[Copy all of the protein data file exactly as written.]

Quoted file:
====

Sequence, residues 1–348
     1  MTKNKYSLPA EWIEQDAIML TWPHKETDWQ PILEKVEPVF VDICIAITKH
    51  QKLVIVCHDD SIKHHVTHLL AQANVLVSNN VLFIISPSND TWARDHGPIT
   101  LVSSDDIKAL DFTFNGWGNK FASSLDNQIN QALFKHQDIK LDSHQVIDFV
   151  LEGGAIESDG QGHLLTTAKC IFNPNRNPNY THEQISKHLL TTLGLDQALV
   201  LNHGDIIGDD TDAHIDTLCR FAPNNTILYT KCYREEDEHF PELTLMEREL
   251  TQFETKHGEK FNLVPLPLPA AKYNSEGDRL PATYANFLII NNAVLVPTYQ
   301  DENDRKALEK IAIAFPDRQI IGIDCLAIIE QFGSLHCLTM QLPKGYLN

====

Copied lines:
Sequence, residues 1–348
     1  MTKNKYSLPA EWIEQDAIML TWPHKETDWQ PILEKVEPVF VDICIAITKH
    51  QKLVIVCHDD SIKHHVTHLL AQANVLVSNN VLFIISPSND TWARDHGPIT
   101  LVSSDDIKAL DFTFNGWGNK FASSLDNQIN QALFKHQDIK LDSHQVIDFV
   151  LEGGAIESDG QGHLLTTAKC IFNPNRNPNY THEQISKHLL TTLGLDQALV
   201  LNHGDIIGDD TDAHIDTLCR FAPNNTILYT KCYREEDEHF PELTLMEREL
   251  TQFETKHGEK FNLVPLPLPA AKYNSEGDRL PATYANFLII NNAVLVPTYQ
   301  DENDRKALEK IAIAFPDRQI IGIDCLAIIE QFGSLHCLTM QLPKGYLN